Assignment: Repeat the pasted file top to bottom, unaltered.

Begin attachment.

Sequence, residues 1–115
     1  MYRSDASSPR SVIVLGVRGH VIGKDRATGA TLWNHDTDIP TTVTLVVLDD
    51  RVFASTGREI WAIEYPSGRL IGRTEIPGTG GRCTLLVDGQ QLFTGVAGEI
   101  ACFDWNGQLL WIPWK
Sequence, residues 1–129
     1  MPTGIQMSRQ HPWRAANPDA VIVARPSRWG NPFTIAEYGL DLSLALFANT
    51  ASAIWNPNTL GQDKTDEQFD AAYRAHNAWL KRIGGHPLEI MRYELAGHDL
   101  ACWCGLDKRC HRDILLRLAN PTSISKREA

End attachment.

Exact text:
Sequence, residues 1–115
     1  MYRSDASSPR SVIVLGVRGH VIGKDRATGA TLWNHDTDIP TTVTLVVLDD
    51  RVFASTGREI WAIEYPSGRL IGRTEIPGTG GRCTLLVDGQ QLFTGVAGEI
   101  ACFDWNGQLL WIPWK
Sequence, residues 1–129
     1  MPTGIQMSRQ HPWRAANPDA VIVARPSRWG NPFTIAEYGL DLSLALFANT
    51  ASAIWNPNTL GQDKTDEQFD AAYRAHNAWL KRIGGHPLEI MRYELAGHDL
   101  ACWCGLDKRC HRDILLRLAN PTSISKREA